The software maker was reacting to a report from investment banking firm Thomas Weisel Partners, which stated that several sources across the Xbox manufacturing supply chain had confirmed the flaw. The glitch could delay manufacturing by a few weeks but not the Nov 8 launch of the Xbox, analysts Eric Ross and David Readerman wrote in the report Tuesday morning.
A Microsoft representative, while declining to discuss specific production issues, said there were no flaws with the Xbox motherboard and the console is on schedule.
"There's absolutely no problem with the design of Intel's motherboard," Microsoft spokesman James Bernard said. "We're still on track for a Nov 8 launch."
Intel designed the motherboard for the Xbox, but contract manufacturer Flextronics is building it, an Intel spokesman said. Flextronics also is assembling the final Xbox from components.
In their report, Ross and Readerman said it was unlikely that the production delay would affect the US$299 device's launch because of the option of cranking up the current slack production schedule.
"I don't think it's going to delay the start date of Xbox, but they're certainly behind schedule," Ross said. "It's not uncommon in the PC hardware business to be able to make up for any production delays, and (the Xbox) essentially is a stripped-down, special-purpose PC."
The investment firm also noted that Microsoft management is holding fast to the company's plans to stock about 600,000 to 800,000 units at the launch and to its expectations of selling up to 1.5 million units by the end of the year.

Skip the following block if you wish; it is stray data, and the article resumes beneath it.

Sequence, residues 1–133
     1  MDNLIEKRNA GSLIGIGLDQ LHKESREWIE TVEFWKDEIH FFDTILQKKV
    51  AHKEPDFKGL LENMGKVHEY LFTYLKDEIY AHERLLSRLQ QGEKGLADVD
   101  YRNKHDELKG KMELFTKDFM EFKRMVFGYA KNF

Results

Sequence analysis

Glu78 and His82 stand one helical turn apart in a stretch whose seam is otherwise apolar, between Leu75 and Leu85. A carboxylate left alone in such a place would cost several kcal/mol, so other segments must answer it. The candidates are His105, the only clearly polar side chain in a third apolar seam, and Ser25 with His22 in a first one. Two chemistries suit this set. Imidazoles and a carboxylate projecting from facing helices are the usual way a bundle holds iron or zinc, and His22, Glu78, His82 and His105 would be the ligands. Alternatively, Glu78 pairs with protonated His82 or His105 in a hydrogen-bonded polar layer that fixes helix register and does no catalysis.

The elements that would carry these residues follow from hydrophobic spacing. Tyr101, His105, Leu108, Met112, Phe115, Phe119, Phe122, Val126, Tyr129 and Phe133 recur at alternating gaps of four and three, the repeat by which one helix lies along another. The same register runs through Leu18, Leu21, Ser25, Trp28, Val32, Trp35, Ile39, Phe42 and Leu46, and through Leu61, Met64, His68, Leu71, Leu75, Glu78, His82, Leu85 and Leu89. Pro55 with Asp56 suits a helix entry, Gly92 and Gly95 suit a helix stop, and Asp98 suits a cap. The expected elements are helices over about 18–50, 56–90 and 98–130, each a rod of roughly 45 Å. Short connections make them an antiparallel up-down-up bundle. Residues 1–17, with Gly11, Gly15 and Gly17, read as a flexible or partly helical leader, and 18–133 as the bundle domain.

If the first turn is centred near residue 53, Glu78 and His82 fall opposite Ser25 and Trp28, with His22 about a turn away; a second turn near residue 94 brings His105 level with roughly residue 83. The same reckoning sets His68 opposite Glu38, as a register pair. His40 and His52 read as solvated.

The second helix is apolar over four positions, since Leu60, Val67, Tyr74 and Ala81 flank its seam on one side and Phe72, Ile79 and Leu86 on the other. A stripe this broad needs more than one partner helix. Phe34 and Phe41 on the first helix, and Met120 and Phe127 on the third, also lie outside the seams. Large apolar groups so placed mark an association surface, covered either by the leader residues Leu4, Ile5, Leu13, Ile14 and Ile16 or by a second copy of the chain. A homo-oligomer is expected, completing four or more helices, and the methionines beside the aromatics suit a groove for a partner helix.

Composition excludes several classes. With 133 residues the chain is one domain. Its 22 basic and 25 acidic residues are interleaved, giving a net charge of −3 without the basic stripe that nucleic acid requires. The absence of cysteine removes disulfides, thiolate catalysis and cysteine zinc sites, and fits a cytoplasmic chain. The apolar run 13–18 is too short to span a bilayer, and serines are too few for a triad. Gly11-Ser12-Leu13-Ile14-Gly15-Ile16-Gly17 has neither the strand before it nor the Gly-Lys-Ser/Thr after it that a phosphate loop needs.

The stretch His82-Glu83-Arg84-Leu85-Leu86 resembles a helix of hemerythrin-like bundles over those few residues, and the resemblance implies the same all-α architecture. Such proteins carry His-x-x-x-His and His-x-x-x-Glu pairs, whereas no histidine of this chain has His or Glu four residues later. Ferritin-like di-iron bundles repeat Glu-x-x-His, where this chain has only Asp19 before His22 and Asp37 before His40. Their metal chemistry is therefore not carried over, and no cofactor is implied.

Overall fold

Staying on track for the launch date is vital for Microsoft, which is pegging the sales on the holiday shopping season.
In addition, the Xbox is scheduled to arrive on store shelves a mere three days after Nintendo begins selling its new GameCube console for US$199, making any potential Xbox delay even more significant for Microsoft.
"I think it's critical for them to meet that date, and they most likely will," Ross said. "They have a lot of time to make that up. The worst case in my mind is that they ship on time with fewer units."
The Xbox is the Redmond, Washington-based company's high-profile bid to expand into the lucrative video game market, moving beyond its traditional PC base as sales of desktop and laptop computers decline. The software giant has said it will devote US$500 million to marketing the console, which will also compete against market leader Sony's PlayStation 2.
The Xbox had already been plagued by reports of delays, which the company vehemently denies.
Last year, Sony was forced to push back the launch of its US$299 PlayStation 2 in the United States and Europe because of delays in producing the graphics chip that would power the game console. The company originally promised 1 million units at launch, but component shortages forced it to reduce that figure to 500,000.
Microsoft executive have vowed the company will avoid the shortages and frustrated would-be customers that accompanied the PlayStation 2 launch. "We don't want to disappoint gamers," Ed Fries, vice president of games publishing at Microsoft, said at the Xbox's official unveiling in January.